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The Lovely Bones

Sometimes a wreck can be as compelling as a well-kept beauty.


Photograph by Christoph Morlinghaus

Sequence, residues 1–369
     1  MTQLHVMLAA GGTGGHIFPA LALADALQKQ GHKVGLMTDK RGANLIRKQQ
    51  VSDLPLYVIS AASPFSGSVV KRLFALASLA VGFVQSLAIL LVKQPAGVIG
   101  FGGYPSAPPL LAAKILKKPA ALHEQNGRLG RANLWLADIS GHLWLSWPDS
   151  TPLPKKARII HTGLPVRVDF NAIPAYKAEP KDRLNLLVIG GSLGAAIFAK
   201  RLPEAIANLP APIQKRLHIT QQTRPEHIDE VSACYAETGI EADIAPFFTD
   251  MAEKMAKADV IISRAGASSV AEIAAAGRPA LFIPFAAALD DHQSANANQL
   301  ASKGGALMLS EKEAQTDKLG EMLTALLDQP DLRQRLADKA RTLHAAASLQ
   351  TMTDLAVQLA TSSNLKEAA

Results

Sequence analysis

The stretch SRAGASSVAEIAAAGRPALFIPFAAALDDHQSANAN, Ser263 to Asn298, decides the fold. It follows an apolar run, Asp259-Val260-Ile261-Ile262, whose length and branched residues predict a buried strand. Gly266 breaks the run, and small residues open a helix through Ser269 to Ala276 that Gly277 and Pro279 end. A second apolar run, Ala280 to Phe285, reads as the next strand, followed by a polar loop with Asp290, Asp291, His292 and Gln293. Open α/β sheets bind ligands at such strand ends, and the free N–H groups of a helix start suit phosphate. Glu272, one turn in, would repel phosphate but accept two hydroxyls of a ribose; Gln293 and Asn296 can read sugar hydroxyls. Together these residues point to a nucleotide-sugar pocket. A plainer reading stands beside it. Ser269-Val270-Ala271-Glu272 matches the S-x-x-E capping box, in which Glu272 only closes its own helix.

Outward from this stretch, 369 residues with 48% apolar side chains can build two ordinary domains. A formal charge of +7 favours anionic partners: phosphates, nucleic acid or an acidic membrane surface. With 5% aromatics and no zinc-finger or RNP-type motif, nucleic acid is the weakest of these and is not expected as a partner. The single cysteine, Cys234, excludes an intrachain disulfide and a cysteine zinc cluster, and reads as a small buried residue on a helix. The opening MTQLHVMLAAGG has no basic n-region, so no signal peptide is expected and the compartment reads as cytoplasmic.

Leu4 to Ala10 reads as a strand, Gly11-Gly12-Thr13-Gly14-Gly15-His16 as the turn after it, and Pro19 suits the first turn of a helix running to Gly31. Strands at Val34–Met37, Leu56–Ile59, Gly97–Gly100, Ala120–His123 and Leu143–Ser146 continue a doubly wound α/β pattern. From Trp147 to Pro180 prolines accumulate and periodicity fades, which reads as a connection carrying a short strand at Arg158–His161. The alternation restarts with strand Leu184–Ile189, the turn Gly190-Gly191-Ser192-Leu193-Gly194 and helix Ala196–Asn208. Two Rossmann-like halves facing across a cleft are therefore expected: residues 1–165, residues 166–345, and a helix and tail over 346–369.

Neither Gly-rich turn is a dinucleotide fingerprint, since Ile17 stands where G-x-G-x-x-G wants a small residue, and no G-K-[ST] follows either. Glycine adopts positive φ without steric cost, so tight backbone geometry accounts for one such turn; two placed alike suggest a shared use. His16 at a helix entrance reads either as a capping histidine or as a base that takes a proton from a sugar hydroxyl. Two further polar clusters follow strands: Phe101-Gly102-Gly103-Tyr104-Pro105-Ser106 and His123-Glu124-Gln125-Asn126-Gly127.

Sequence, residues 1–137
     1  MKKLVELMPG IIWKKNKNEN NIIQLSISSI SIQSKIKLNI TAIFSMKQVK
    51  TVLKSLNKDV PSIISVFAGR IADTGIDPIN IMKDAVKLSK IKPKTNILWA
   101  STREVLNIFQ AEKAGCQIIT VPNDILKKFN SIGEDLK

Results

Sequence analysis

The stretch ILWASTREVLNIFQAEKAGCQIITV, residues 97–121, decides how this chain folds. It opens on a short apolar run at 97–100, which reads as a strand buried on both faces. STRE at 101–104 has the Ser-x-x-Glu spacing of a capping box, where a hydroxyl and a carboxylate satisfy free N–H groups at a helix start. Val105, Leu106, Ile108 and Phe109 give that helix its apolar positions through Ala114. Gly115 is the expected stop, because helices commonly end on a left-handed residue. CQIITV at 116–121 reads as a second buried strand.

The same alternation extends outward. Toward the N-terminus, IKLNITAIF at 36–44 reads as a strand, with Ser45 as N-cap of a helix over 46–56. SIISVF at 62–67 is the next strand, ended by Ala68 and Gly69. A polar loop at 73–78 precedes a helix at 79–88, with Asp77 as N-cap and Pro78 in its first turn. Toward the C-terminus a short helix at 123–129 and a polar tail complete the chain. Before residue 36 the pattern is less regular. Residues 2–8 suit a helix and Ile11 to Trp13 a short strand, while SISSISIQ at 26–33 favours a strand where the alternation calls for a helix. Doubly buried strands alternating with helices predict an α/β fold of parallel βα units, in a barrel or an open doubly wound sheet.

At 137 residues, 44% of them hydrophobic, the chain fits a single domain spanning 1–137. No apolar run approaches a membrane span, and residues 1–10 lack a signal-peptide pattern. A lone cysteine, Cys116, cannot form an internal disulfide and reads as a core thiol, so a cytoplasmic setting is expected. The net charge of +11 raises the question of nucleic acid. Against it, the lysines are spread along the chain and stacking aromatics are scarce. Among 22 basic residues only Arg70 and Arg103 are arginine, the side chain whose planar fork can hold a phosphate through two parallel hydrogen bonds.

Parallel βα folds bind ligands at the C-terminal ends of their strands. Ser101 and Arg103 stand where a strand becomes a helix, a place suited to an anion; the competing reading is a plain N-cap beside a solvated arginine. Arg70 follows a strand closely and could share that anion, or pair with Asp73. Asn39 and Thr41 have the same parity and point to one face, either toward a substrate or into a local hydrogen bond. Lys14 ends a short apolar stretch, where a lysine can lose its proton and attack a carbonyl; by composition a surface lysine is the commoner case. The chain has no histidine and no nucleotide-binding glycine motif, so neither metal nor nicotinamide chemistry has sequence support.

It seems impossible now, but there was a point when houses like these were undesirable. Crisp-and-new was the postwar mantra; “Victorian” meant “funereal,” the stuff of Charles Addams cartoons, and “industrial” was absent from the housing vocabulary. Well, things have changed just a bit, and for a lot of buyers, “estate condition” is almost the holy grail. (So much so, in fact, that it’s often no bargain: The renovation cost can nearly equal the markdown.) You get to impose your own will on a space without sacrificing an old house’s handmade character and lived-in aura. You will most likely end up, budget and space permitting, with a pretty great kitchen. Most of all, you get stories, because at least one previous owner often turns out to have been odder or more interesting than you’d expect—a rum-runner or a pencil mogul, say. Best of all, of course, is the story you’ll build there. After all, there are few greater pleasures than saying to your dinner guests, “You should’ve seen this when we moved in! It was a disaster!


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